If the MAP sensor sees a given load, the TPS sees a corresponding throttle angle, the CTS sees a normal operating temperature, and the O2 sensor is saying the engine is too rich, the ECU will comply…to a point. When the ECU has leaned out the AFR (Air/Fuel Ratio) beyond what the programming claims is an acceptable range, the ECU will go into Open Loop and ignore the O2 sensor. It then reverts to Look-Up tables for its source of information. At this point, mileage will invariably go down, and often a trouble code is set.
Consider the conditions needed for the ECU to accept lean fuel commands. If the engine is warmer than it actually is, the ECU will accept leaner. If the engine is under less of a load, the ECU will want to deliver less fuel. If the incoming air is hotter, the ECU will accept lean commands more readily. If MAF (Mass Air Flow) sensor equipped, less air entering the engine will require less fuel.
Now let’s look at the particulars.
One of the easiest ways to lower lean-out limits is to install a resistor across the CTS and IAT sensors in parallel with the sensor. A parallel circuit offers 2 paths of travel for the voltage. A cold CTS will have very high internal resistance. As it warms up, the resistance goes down. Adding a parallel resistor nets a lower total resistance value, thus sending a hotter temperature signal to the ECU. It should be noted that this trick applied to the IAT sensor will retard ignition timing in addition to lowering the lean-out limits.
Most of the world uses similar resistance values to equate a given temperature. The Ford based systems (including Mazda, Infiniti, and Jaguar) use much higher resistance values. This is important to know when selecting resistors. If you have a scan tool available to you, use it. Monitor the CTS temperature that the ECU sees. With your engine at operating temperature, check to see that the temp reading is close to the thermostat rating. If it is, proceed. If it isn’t, check your cooling system for contamination or stuck thermostat. You may need to do a coolant flush or repair before proceeding. Assuming you are getting reasonable numbers, try different resistors across the CTS to raise the temp reading about 10° F (for example, from 195° to 205°). Even though higher numbers will work, you will most likely run into cold start issues beyond the 10° offset. The average vehicle will use something like a 3.9K ohm resistor. Fords may like a 5K ohm or larger value.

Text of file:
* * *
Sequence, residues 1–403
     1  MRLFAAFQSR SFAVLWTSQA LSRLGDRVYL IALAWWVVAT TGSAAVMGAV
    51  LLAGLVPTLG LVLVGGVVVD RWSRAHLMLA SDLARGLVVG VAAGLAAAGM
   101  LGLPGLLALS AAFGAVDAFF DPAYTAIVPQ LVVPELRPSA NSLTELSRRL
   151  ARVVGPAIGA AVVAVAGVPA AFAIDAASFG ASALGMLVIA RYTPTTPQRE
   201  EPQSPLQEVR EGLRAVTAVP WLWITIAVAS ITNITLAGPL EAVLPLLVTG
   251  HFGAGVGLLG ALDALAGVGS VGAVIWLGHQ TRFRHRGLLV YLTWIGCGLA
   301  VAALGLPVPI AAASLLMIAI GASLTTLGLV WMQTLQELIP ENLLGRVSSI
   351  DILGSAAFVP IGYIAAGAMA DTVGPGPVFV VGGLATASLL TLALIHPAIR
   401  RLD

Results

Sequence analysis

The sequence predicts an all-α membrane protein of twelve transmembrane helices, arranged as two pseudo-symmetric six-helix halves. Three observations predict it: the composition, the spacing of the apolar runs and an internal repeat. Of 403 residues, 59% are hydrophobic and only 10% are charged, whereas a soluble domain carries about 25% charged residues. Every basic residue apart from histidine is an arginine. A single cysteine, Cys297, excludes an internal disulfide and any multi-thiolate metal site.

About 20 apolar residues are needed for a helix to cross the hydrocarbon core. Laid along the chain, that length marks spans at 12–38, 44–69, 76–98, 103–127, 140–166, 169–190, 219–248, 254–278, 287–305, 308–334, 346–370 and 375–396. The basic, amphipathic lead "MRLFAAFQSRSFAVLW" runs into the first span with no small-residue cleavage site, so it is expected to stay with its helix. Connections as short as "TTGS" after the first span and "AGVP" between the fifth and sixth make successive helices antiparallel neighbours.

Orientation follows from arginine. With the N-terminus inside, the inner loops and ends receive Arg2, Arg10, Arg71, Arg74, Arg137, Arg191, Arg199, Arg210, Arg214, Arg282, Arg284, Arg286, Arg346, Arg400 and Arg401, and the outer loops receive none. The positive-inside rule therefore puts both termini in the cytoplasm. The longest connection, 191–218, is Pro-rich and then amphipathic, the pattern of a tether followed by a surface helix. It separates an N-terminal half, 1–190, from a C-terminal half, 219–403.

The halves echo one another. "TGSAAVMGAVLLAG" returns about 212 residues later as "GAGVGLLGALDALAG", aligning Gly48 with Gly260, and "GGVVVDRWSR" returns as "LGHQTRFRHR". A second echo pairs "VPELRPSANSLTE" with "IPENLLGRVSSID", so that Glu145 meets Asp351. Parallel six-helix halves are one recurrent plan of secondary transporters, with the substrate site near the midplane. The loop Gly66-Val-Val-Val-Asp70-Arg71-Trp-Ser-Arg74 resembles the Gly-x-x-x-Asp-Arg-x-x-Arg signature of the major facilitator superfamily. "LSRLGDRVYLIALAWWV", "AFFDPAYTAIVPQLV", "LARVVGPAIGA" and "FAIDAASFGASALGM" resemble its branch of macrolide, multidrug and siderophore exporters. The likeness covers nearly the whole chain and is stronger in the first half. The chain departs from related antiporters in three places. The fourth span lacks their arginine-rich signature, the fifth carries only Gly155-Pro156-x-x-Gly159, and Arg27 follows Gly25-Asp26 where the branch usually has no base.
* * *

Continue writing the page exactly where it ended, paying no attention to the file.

Editors note: Many people have successfully used a pot (or potentiometer) instead of a fixed resistor. You can find these at Radio Shack or other electronics supplier. This allows you to adjust the resistance to the exact amount you need and eliminates a great deal of trail and error.
If your cooling fan runs continuously with your setting, add more resistance to lower the temp reading. Any mileage gains from the hotter engine signal will be more than offset by the additional load on the alternator. If you have a rear-wheel-drive with a belt driven fan, you can still add too much temperature offset. The ECU has an internal cooling mode. After the engine overheats to a point, the ECU starts dumping copious amounts of fuel. The excess fuel will evaporate, thus cooling the engine from the inside. However, at this point your mileage literally tanks.
The IAT is less sensitive to cold start issues. You can add more temp to this signal than you can to the CTS. Just keep in mind that you are not only lowering your lean-out limits, you are also retarding your ignition timing. If you put a timing light on the engine as you adjust IAT values, you won’t see the timing change. The timing changes under load. Hotter air is more prone to detonation. This is why the ECU retards the timing.
If you are tuning on the hottest day of the year, you may find out just how high of a signal you can generate before setting codes. Typically it is in the 240° F range. If you are tuning in the middle of February, then you can offset the signal from your base cold reading and things will be fine for now. Come June or August, this setting may be high enough to trip codes. Allow for this when tuning.